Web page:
The techniques of genetic engineering have been used to manipulate the DNA (genetic material; see nucleic acid) of bacteria and other organisms to manufacture biological products such as drugs (insulin, interferon, and growth hormones). A common technique involved in this process in gene splicing, in which a gene that produces a desired product can be inserted into bacterial DNA. Bacteria can then be grown in large quantities and processed to extract the desired substance; specially cultured plant and animal cells can be similarly grown and processed. Hybrids of cancer and antibody-producing cells (hybridomas) have been cloned in the laboratory to mass produce experimental monoclonal antibodies, which are being studied for the treatment of cancer and other diseases. Bacteria have also been altered to break down oil slicks and industrial waste products.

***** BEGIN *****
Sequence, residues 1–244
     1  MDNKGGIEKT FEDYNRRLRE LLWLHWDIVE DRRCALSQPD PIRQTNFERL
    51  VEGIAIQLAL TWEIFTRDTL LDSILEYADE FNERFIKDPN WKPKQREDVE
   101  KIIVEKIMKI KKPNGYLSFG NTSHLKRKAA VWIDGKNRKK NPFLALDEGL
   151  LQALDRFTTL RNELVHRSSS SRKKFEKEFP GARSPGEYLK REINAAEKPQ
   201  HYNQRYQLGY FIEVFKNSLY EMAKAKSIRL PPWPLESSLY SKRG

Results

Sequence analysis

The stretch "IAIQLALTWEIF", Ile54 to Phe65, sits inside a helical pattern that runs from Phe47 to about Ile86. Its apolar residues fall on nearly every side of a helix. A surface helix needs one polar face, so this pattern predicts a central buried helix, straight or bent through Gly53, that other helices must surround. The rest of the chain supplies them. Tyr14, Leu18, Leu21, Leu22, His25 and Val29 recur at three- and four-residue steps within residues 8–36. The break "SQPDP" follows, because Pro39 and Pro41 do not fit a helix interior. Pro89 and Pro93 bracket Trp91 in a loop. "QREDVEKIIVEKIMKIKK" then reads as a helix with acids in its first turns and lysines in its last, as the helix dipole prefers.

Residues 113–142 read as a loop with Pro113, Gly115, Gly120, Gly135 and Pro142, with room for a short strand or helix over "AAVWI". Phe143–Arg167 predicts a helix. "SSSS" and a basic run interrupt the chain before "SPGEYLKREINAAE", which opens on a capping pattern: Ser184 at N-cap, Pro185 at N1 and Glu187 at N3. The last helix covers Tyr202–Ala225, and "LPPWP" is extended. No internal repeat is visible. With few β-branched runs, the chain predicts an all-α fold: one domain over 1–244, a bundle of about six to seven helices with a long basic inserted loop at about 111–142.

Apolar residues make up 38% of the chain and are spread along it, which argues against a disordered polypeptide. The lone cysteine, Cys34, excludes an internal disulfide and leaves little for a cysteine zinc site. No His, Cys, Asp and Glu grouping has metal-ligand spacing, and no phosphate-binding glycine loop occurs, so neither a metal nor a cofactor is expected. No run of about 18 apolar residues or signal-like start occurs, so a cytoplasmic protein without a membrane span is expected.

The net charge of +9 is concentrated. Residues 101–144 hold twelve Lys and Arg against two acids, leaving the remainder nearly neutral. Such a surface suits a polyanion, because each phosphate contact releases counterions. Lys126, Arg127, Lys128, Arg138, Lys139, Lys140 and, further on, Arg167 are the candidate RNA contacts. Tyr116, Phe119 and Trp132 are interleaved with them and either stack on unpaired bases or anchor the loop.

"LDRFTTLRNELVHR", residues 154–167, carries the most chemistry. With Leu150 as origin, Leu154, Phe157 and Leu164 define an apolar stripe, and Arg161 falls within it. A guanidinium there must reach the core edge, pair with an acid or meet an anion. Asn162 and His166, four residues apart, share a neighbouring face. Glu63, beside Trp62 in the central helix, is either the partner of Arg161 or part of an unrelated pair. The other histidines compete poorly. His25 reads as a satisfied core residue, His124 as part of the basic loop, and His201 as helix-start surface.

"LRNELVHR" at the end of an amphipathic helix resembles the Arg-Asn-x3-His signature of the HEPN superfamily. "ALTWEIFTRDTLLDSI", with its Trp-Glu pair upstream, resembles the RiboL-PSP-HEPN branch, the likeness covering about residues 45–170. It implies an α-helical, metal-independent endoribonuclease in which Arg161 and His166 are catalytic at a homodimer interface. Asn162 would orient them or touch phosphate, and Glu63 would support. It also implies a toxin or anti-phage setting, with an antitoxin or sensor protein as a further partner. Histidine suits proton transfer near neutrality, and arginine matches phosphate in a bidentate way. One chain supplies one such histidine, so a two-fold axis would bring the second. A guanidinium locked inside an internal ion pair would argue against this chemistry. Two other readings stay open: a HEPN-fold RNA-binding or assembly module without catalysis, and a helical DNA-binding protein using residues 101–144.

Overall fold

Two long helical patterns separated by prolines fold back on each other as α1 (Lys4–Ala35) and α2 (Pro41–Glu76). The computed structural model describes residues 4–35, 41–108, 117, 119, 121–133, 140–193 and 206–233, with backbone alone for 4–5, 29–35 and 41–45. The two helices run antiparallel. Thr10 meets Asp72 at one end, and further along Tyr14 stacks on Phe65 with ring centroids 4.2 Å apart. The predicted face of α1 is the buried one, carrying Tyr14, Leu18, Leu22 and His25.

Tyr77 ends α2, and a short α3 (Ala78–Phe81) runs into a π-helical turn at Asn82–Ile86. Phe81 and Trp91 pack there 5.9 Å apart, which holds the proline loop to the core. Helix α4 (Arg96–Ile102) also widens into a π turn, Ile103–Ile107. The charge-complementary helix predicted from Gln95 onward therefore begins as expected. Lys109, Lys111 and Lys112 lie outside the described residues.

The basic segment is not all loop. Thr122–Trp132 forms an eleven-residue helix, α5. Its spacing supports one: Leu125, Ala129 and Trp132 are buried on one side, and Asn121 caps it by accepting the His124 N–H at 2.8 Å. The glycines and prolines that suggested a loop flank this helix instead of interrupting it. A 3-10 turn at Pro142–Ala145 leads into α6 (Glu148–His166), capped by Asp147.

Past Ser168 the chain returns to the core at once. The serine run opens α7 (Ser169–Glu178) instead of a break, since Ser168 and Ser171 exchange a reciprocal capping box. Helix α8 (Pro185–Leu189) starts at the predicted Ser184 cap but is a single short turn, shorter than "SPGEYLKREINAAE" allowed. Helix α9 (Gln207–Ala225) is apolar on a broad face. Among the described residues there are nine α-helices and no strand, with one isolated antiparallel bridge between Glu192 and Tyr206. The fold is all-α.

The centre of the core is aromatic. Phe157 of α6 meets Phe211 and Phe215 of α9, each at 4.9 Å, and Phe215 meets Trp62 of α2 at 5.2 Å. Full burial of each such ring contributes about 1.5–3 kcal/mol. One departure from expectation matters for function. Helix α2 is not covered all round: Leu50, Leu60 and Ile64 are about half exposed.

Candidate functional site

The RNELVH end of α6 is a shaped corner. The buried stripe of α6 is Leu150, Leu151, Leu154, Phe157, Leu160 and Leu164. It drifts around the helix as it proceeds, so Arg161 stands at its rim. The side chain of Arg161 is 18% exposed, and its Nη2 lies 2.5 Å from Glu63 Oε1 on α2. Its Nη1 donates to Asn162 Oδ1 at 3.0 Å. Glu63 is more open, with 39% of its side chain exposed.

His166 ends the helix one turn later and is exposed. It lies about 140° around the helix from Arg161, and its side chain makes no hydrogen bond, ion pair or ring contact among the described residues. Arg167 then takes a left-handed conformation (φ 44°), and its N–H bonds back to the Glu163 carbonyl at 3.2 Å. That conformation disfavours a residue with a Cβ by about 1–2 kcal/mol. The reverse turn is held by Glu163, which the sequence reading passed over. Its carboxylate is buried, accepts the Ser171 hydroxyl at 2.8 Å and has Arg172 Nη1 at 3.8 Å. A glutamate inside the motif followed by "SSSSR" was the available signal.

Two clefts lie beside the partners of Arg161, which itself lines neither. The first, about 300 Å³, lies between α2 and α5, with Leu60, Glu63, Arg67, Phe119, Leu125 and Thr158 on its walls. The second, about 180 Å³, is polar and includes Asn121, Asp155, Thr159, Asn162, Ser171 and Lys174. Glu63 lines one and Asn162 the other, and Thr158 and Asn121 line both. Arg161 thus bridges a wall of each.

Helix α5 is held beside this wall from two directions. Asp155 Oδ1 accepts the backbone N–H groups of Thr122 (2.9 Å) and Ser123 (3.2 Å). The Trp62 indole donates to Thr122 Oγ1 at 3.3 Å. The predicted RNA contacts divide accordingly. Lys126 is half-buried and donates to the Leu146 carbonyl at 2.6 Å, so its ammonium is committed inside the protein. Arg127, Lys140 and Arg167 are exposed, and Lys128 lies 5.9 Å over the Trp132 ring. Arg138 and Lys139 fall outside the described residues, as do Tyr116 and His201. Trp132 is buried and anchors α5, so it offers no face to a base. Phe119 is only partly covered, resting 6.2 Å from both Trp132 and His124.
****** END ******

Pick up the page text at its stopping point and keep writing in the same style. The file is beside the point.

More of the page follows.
Plants and foods with such desired qualities as prolonged shelf life or increased resistance to diseases and pests have been created through genetic engineering; that is, by inserting DNA from other organisms. Much of the corn and soybeans grown in the United States, for example, are now genetically modified in some way, Livestock have also been genetically altered to produce medically useful substances (see pharming). The field of biotechnology also includes gene therapy, in which attempts are made to insert normal or genetically altered genes into cells to treat genetic disorders and chronic diseases.
See R. W. Old and S. B. Primrose, Principles of Gene Manipulation (5th ed. 1994); J. E. Smith, Biotechnology (3d ed. 1996).
The Columbia Electronic Encyclopedia, 6th ed. Copyright © 2012, Columbia University Press. All rights reserved.
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